An In-depth Look at EK CryoFuel Solid
When it comes to watercooling, coolant choice is one of the hardest decisions to make. Especially in 2020 when there’s dozens of different coolants to choose from. You’ll always get differing opinions on various brands of coolant if you ask around the web as well. I am frequently asked, “what coolant is best for my loop?”.
I even uploaded this video to our Youtube channel awhile back to give newcomers a better idea of what to look for when shopping for coolant. I’ve spent quite a lot of time over the years, running various coolants in my personal builds as well as my test bench. Over this past year I have been running EKWB’s CryoFuel Solid - Scarlet Red in my test bench. If you follow our Youtube channel, you may have seen a few streams on this coolant and how it’s been working in my loop. It has been awhile since I’ve given our followers an update on this coolant, so I hope this blog will give everyone the information they need when looking at EK’s CryoFuel Solid line of coolant.
This whole testing adventure with CryoFuel Solid started all the way back in December of 2018. I tested the coolant in the GPU loop on my test bench which has consisted of a 980 Ti with a Singularity Computers Protium D5 pump/res, as well as a Thermochill 240mm radiator and a HWL 360mm GTS at times. In the time that the coolant has been in the loop I have put it through all kinds of use cases from running benchmarks for 24hrs + to letting the loop sit for weeks at a time without any flow. I tested two different radiators both separately and together to ensure the copper in them wouldn’t mess with the coolant’s color as you quite typically see with red based coolants. I’ve run a couple different loop layouts to see what changes to the flow rates and paths do to the coolant as well. Overall I would have to say I’ve put this coolant through the paces and it has held up quite well in most scenarios. As long as you put the time into properly preparing your loop for a new coolant, and don’t use aluminum parts, this coolant should work very well for you too!
The Good, The Bad, and The Ugly
“Slight particle build up in soft tubing”
I’ve already started to mention the good aspects of this coolant, but there are still more to go. From the performance tests I ran I couldn’t see any difference in cooling capacity than plain distilled water. In my opinion, this is more than acceptable and what I would expect to see from any name brand coolant. This means those of you that prefer to have a little more color in your loop, don’t need to sacrifice performance for it if you go with the likes of EKWB’s CryoFuel Solid. Having experienced some amount of failure with this coolant I can also attest to the fact that it isn’t terribly hard to clean out of your loop. This is especially true if you use hard tubing like acrylic/PMMA. Even after the coolant had fallen out to some degree and left some residue on both the soft and hard tubing walls in my test bench loop, it was still easily flushed out with some Mayhems Blitz Part 2 and some distilled water. Note that EKWB does not recommend using Mayhems Blitz products on your loop prior to using their coolants, however I’ve still successfully used Blitz by properly flushing after use with 1-2 gallons of distilled water. The CryoFuel Solid always seemed to leave some amount of residue in the soft tubing, no matter the brand. I tried Mayhems Ultra clear, Primochill Advanced LRT, and EKWB’s Duraclear tubing. Each one ended up looking nearly identical after several months of use. Perhaps those of you that use soft tubing may see this as a reason to stay away from this coolant, however I found it to be a very minor issue as soft tubing is easily replaced with routine maintenance. I spent a fair amount of time conversing with an EKWB employee about how the coolant was reacting in my loop because my first couple batches didn’t work out very well. I experienced some pretty extreme color fall out and particle build up within the first few weeks of use when I began testing back in 2018. After some conversations with EK, we narrowed down the culprit to two sources. Either the radiator in the loop was reacting poorly with the coolant (EK’s guess), or the places with next to zero flow in my loop were causing the coolant to fall out (my guess). So I doubled down on my bet by adding a HWL radiator to the loop as EK suggested that I needed to use an EK branded radiator. Adding the radiator eliminated the low/no flow areas in my loop so I was pretty positive this would result in a more successful test. It’s been well over a year now since I’ve put the last bottle of EK CryoFuel Solid in the loop and I have not experienced any discoloration or particle build up since, even with two non EKWB radiators in the loop and a Koolance block. With these tests under my belt I can now confidently say you can use just about any brand of components with EK CryoFuel Solid, as long as they are not aluminum and you do not have any low or no flow areas in your loop (a long drain tube that runs to the lowest point in your loop would be a fine example of a low or no flow area in your loop). At the end of the day, in order to use EK’s CryoFuel Solid in your loop you just need to take the time to properly clean your loop prior to use, don’t mix metals, and stick to simple loop designs.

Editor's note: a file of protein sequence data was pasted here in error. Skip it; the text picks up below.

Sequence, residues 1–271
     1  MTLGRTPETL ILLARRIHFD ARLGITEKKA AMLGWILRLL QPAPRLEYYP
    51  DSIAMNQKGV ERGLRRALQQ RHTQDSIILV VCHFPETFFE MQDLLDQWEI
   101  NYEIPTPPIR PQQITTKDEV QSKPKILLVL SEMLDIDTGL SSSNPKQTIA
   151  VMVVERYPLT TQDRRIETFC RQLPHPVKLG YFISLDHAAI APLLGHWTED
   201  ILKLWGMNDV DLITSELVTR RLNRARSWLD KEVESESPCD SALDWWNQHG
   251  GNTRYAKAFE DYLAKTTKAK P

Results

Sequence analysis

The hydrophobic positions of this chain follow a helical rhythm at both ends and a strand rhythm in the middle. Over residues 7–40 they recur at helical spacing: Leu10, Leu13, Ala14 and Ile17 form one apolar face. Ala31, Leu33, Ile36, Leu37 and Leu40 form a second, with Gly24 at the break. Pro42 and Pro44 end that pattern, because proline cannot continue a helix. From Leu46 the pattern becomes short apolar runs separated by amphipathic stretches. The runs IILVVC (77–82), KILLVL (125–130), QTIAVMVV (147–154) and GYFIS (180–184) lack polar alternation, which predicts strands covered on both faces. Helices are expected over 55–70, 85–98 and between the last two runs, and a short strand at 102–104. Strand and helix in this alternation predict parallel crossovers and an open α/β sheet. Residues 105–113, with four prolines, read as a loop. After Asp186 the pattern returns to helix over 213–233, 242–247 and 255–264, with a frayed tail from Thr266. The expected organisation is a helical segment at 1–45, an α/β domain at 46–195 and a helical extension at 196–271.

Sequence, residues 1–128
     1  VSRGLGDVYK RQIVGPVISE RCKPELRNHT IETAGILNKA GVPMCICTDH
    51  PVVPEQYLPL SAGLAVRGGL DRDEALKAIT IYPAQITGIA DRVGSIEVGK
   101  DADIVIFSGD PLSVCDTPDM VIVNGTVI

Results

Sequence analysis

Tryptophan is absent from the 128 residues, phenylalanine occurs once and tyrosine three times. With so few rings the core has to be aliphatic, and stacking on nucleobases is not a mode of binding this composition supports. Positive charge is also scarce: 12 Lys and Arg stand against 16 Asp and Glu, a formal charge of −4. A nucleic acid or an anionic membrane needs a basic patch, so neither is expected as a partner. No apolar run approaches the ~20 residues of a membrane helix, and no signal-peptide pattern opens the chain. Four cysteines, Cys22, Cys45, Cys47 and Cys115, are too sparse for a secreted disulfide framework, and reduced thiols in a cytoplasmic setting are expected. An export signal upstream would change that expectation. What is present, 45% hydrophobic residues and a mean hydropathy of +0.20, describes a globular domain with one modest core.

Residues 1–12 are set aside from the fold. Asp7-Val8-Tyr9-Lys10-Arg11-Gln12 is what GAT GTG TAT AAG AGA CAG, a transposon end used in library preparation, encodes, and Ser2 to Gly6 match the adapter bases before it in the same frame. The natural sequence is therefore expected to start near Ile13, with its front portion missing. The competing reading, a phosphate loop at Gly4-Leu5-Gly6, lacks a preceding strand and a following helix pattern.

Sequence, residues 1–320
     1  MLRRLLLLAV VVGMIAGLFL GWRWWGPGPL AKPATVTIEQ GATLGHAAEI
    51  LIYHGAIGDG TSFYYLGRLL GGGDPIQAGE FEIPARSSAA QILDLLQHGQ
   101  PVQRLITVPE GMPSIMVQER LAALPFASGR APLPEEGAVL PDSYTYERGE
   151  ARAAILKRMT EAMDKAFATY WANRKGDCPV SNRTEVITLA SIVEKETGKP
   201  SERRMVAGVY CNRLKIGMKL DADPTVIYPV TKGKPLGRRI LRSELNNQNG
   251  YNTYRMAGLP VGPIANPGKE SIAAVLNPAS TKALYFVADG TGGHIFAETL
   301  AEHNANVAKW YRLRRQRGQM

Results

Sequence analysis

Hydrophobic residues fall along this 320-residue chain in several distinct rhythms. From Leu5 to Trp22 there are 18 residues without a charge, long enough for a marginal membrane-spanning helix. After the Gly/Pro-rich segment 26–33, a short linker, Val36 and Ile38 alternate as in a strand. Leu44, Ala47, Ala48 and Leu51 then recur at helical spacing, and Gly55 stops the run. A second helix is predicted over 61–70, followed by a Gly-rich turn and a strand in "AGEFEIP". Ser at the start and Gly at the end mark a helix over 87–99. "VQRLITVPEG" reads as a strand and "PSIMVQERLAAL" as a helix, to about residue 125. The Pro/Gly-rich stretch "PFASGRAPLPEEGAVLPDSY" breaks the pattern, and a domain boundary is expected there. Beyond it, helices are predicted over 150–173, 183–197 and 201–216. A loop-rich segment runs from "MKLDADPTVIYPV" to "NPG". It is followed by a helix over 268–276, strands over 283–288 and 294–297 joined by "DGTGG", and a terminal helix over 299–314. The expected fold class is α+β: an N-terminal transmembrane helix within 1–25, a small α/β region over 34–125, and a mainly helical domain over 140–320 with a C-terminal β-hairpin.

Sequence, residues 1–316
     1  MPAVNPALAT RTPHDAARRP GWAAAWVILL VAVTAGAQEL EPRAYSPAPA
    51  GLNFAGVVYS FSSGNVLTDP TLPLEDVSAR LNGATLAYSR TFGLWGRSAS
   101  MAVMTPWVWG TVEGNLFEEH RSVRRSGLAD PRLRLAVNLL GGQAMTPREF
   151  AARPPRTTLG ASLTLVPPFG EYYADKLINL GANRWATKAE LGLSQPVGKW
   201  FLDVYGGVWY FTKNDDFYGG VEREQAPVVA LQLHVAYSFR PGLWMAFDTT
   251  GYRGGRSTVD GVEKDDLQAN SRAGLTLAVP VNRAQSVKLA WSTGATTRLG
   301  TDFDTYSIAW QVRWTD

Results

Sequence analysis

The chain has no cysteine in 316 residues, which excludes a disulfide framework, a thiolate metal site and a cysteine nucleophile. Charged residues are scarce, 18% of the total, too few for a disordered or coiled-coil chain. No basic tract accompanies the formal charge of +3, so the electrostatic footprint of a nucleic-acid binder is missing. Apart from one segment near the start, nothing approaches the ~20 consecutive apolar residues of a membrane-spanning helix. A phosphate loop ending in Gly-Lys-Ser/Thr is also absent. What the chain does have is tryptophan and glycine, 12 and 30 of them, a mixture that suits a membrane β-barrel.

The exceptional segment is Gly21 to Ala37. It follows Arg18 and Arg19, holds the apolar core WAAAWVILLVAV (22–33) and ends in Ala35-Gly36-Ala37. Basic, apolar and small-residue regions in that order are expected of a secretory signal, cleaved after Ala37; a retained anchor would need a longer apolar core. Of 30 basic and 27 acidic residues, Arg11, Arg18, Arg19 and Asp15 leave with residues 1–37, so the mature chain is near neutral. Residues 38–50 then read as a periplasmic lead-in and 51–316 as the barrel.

“Complete particle fall out due to low flow”
EKWB’s CryoFuel Solid is nearly “old” at this point in time, however I feel that without taking the necessary time to fully test a coolant, there would not be much point at all to write about it. For those of you that have been on the fence about this coolant, or if you’re just new to the watercooling scene, I hope this blog has helped you decide what coolant is right for your loop. I’ll be sure to keep testing more coolants as often as I can and keep all of the wonderful customers of PPCs posted with all the details!